Knabstrup photo
Photograph by Heinz Hackmann. Some rights reserved.


Other Names

The Knabstrup or Knabstrupper is a horse breed of Danish origin. It has a big framed, well balanced body with an elegant, expressive head. The eyes are clear and relaxed and the ears small. The neck is well set and strong. Knapstrups have sloping shoulders and strong backs. Their limbs are strong, muscular and well defined; similarly, their hooves are well formed and sturdy. They have a light, rhythmic movement. Their overall appearance and movement is full of elegance and grace.

There are three types of Knabstrups; the Knabstrup horse, the Knabstrup pony and the miniature pony. The average height of Knabstrups is 15.1 to 16 hands high, although some ponies are as short as 14.2 hands high.

Some individuals are born in solid colors, usually black, bay or chestnut, but most are spotted. The most famous pattern is the leopard pattern on a white background. The spots can be black, bay or chestnut.

The Knabstup is a friendly, well mannered breed. It is energetic and willing to perform any task. It is a spirited and agreeable breed, very popular among riders and especially children.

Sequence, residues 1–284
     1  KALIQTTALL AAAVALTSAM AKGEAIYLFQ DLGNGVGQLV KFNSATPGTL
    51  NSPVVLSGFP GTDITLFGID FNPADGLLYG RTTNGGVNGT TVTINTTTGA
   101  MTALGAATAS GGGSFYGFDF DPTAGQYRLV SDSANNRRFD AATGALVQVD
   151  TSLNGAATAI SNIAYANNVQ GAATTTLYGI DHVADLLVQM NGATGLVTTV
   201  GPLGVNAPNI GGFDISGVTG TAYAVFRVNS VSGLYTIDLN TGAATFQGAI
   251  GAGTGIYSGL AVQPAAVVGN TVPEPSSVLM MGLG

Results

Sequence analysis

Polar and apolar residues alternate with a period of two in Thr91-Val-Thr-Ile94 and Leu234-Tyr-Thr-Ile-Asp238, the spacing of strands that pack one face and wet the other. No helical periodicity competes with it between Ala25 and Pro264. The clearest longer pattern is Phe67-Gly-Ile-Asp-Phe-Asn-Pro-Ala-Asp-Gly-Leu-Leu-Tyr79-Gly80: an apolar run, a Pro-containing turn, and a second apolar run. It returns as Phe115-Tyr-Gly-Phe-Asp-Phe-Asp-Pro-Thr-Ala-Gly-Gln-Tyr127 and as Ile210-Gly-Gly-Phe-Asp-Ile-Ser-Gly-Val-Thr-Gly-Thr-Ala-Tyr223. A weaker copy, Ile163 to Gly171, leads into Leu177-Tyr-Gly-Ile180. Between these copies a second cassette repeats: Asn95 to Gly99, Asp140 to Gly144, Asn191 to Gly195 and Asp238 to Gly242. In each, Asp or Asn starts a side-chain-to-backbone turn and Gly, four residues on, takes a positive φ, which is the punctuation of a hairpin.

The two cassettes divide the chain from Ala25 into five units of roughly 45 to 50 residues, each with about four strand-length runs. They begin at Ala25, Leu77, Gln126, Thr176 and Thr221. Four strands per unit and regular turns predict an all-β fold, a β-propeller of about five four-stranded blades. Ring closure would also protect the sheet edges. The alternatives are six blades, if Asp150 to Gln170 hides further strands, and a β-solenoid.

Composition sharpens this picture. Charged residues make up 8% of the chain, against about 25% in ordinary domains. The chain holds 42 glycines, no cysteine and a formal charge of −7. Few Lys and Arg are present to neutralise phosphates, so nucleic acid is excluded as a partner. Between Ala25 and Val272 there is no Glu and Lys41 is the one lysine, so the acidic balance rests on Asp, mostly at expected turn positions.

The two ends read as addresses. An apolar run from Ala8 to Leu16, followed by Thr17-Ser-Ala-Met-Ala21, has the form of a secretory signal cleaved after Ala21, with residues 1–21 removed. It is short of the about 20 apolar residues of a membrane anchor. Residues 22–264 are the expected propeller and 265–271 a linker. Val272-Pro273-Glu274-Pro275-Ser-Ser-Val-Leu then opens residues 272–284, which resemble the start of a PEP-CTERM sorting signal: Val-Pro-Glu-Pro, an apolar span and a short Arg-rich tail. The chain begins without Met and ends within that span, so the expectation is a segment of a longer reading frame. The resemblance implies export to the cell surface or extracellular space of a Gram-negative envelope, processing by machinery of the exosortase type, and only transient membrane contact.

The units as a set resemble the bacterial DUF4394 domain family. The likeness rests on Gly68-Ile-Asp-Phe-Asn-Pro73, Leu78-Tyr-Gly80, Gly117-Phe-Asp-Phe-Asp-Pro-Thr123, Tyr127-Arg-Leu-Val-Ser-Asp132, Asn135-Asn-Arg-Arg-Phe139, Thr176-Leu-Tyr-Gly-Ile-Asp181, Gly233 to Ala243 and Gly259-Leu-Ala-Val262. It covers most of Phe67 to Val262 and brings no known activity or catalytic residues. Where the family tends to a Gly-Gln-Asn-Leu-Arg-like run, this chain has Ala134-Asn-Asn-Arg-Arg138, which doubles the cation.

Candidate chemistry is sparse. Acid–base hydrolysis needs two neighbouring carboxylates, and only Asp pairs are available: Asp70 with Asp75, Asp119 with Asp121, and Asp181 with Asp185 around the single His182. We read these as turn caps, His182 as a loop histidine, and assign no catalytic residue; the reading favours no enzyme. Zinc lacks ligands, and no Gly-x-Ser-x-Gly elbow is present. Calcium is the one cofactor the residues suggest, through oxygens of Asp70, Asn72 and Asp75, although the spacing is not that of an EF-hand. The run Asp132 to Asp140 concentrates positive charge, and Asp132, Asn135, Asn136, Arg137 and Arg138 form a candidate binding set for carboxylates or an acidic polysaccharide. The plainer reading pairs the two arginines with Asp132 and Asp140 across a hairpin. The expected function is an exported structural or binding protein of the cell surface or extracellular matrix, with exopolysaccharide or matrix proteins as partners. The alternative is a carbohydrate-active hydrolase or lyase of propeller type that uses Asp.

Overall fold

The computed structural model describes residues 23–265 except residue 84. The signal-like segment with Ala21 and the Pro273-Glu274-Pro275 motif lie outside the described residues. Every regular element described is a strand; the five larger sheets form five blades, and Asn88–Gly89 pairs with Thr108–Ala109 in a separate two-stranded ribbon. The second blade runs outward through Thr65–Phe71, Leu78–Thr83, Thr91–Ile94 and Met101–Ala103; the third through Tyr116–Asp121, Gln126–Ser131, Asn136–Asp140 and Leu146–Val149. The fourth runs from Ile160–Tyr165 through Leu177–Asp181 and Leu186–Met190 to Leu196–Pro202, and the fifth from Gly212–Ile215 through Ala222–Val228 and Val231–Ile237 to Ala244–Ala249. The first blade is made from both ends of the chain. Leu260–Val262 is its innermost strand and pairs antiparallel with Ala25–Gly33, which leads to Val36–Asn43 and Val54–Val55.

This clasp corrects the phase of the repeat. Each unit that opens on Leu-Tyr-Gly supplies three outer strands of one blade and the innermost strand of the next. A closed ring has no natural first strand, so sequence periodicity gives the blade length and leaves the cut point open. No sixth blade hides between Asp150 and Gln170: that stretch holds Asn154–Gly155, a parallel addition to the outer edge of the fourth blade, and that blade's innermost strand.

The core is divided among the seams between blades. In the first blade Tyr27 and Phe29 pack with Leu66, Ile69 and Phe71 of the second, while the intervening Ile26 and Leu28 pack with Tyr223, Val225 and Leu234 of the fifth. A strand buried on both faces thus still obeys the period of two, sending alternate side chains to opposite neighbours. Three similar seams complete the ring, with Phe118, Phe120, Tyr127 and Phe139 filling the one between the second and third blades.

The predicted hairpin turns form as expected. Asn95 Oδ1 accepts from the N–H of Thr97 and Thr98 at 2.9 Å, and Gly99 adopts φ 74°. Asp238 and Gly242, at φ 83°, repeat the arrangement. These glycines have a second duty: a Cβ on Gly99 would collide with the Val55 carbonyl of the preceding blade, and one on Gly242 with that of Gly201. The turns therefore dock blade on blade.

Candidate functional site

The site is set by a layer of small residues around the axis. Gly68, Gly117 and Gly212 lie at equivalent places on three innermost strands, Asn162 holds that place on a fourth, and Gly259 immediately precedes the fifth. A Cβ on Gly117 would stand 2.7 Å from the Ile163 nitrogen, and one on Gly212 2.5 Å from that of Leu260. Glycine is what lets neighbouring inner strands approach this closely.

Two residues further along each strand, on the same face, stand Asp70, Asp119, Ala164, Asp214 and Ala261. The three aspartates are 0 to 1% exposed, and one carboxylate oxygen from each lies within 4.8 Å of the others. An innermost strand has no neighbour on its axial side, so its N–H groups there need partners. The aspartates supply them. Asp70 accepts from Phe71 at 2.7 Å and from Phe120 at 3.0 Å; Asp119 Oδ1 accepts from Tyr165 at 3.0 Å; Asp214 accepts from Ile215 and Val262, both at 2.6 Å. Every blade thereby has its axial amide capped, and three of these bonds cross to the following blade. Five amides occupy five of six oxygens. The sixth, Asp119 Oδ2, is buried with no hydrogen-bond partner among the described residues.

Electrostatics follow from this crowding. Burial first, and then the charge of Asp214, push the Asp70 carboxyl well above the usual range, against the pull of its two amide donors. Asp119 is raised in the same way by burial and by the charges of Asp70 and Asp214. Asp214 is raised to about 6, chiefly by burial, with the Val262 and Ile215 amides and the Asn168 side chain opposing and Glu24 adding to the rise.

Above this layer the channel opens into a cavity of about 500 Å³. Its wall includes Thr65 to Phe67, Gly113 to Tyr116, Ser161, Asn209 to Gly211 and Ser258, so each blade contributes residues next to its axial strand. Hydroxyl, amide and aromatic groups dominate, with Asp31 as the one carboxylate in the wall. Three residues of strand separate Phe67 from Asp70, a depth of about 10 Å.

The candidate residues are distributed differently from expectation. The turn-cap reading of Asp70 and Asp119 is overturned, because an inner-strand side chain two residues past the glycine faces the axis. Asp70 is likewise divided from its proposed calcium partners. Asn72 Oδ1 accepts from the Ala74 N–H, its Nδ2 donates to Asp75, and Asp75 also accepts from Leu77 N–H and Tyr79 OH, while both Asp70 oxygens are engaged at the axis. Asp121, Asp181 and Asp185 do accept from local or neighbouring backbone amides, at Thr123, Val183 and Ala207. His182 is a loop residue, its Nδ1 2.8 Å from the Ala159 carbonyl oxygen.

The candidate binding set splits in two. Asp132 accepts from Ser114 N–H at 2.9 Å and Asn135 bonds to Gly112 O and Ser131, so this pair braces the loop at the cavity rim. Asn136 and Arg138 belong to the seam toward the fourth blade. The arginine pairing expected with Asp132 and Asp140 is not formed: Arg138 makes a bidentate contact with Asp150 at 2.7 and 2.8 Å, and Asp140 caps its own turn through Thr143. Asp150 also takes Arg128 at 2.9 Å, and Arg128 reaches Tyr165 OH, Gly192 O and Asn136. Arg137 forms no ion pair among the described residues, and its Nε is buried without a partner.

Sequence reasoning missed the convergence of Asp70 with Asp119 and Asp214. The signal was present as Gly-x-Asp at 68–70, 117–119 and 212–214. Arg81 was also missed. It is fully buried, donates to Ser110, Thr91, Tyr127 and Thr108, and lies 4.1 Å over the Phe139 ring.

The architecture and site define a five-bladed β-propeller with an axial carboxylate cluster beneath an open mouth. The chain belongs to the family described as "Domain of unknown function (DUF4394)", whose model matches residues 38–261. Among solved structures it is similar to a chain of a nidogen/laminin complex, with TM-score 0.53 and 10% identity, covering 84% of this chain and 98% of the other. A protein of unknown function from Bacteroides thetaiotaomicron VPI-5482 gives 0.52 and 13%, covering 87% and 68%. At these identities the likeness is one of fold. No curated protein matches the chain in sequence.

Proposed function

Suitable for
Knabstrups are popular in many disciplines. In sports they are used in dressage, eventing and show jumping with great success. They are often used as circus horses and are very popular for pleasure riding. When it comes to riding, they are children's favorites.

Like other horse breeds, they require a steady supply of grass, hay and water, a safe shelter and frequent outdoors access so that they can exercise. Feeding should not take place right before or after exercise as it can lead to digestive problems.

The Knabstrup breed was developed in Denmark approximately 300 years ago. Its parent breeds were of Spanish and Italian origin, while it has often been compared to the Appaloosa breed for its distinct markings. Knabstrups were traditionally used as carriage horses. During the Schleswig war, Danish officials used them as mounts; their unique patterns however made them easily spotted by the enemy and many ended up killed. This, along with inbreeding, caused Knabstrup numbers to decline dramatically during the late 1870's. Fortunately, the interest A. F. Rasmussen took in the breed, led to its restoration by him in the 1930's.

In recent years there has been more interest in breeding Knabstrups for their unique patterning than for their physique. As a result, these horses have been carelessly crossed and there is not a single individual today to be like the Knabstups of old. These horses live on average 25-30 years.